In an age where inclusiveness is talked about, but not well executed, and diversity is becoming more real, the ability to communicate is the lubricant in an organisation. It especially impacts accounting and finance professionals, who some people feel speak a different language to the rest of the business, or their clients.
Language is one of the main ways in which culture is expressed. It is also the cause of a lot of miscommunication and misunderstanding. Leaders, managers and other valued team need to develop new levels of confidence and skills so they can break down communication barriers and build the types relationships needed to really connect - making business more about an exchange of ideas and services, instead of just a role description.
This is exactly what Leonie Tillman, the CEO of English for Business (E4B), does. Leonie is an expert in the area of communication, working to break down the barriers that prevent staff from communicating effectively with clients and colleagues. She works with international organisations such as PwC, Ernst & Young, Deloitte, Lindt & Sprungli and HSBC to improve their corporate linguistic capacity.
In a fascinating interview with Brad Eisenhuth from the Outperformer, Leonie explored several key areas, including:
The full interview – which is well worth devoting an hour of your time to – can be accessed by our members via our webinar page. In the meantime, here are just a few of the fascinating areas Leonie covered during our enlightening talk.
Leonie stresses that diversity and inclusion are both desirable and important in any working environment. But she also believes that effective communication transcends cultural barriers. “Ultimately, what flies above diversity and inclusion is the ability to communicate,” she says. And communication is all about reaching out to people and connecting. If we start living in all the silos of differences and diversities, then we lose the ability to connect. Differences are really important, and they’re important to have in the room, but if we focus on the differences, we lose sight of being connected to each other. “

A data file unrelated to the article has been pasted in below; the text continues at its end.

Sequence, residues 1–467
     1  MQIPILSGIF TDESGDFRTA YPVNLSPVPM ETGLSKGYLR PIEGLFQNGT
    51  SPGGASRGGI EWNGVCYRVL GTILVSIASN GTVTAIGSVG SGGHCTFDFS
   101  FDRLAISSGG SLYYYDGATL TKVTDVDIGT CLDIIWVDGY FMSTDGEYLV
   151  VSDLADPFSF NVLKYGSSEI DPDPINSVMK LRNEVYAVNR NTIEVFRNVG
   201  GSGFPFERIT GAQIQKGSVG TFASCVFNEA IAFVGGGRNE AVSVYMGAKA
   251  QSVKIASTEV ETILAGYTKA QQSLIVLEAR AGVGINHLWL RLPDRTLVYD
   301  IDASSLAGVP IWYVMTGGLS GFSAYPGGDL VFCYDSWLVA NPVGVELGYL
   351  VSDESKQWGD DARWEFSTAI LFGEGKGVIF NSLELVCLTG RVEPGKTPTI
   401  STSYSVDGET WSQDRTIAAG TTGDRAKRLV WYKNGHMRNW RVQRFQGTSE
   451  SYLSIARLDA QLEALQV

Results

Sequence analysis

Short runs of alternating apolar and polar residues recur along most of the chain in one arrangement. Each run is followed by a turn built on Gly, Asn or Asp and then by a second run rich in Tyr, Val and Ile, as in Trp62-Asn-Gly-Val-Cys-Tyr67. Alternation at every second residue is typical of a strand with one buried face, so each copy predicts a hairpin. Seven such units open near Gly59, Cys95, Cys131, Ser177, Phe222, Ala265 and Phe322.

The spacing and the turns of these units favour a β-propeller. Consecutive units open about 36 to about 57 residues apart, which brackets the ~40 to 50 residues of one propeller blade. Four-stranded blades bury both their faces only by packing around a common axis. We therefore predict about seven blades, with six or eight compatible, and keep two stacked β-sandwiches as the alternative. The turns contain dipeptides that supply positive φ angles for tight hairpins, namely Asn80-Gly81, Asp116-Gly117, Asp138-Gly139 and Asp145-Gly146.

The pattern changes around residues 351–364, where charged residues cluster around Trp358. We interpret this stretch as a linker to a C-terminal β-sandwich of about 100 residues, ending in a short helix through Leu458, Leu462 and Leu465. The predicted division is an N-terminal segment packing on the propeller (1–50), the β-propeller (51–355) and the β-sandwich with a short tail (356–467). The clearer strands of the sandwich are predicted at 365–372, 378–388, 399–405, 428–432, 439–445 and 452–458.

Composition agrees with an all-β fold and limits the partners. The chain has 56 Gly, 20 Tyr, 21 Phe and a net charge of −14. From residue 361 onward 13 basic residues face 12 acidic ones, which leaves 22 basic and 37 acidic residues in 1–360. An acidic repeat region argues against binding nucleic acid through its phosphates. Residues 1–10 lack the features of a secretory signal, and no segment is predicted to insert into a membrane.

Leonie believes that everyone - whether they’re in Finance, HR, or Admin – approaches a challenge from their own perspective, and that is also a form of diversity. “Diversity gets bogged down in gender and cultural difference,” she says, “but actually, we all have many diversities within us. Are you an only child, did you grow up in the suburbs of a big city, have you lived abroad for a period of time….all these things feed in to who you are. You need to work out what is your objective, as a group, and what is the best outcome, instead of trying to just get the data out there.”
It’s really important, when communicating, to understand who is front of you. Who do you need to reach with what you have to say? Look at where you are, consider the information you want to impart, and then decide how you’re going to impart it.
Leonie’s company has developed a great acronym to help with this – KAN. This stands for Knowledge, Attitude and Need. Knowledge relates to how well you understand what your audience already knows, Attitude refers to the way they’re going to react to what you’re about to tell them - are they going to be reluctantly receiving this information, and will they respond negatively to it, for example. Finally, it’s important to understand the Need of the person or people you’re talking to.
“Conflict is essentially the gap between our needs,” says Leonie.
Leonie has developed a useful, five-stage method to communicating effectively. “Imparting information is like telling a story,” she says, “and we all like a good story.”
The five stages are:
It’s important, stresses Leonie, to make sure you don’t just tell others about the journey you’re on, but that you bring other people along with you, to share it with them.
“Sometimes, this might seem as if you’re trying to influence how someone should feel,” she says, “but it’s actually more a case of creating a space in which people feel confident enough to tell you how they feel.”
She cautions, however, against taking collaborative management too far. “Sometimes people don’t care how you feel,” says Leonie. “They just need you to make a decision and tell them what to do. And that’s fine. As a leader, you need to make decisions - but you can also show a willingness to accept feedback at certain times.”
We’re all looking for more passion and purpose in our lives. If we’re in survival mode, we simply wake up in the morning and say “I have to go to work,” or “I have to do this.” When you feel as though you don’t have a choice, then you’re living in a poisonous world.
“We always have lots of options, we just close our eyes to them,” says Leonie. “You might not be able to leave a job you’re not enjoying, but what you can do is shift your perspective within the organisation around what your focus is going to be. Could you start communicating differently, or approaching leadership differently? You need to find a way to reframe things. Look at what your bigger goal is. You might not be able to force yourself to love something, but you can choose to find it fascinating.”
Click here to listen to the whole webinar.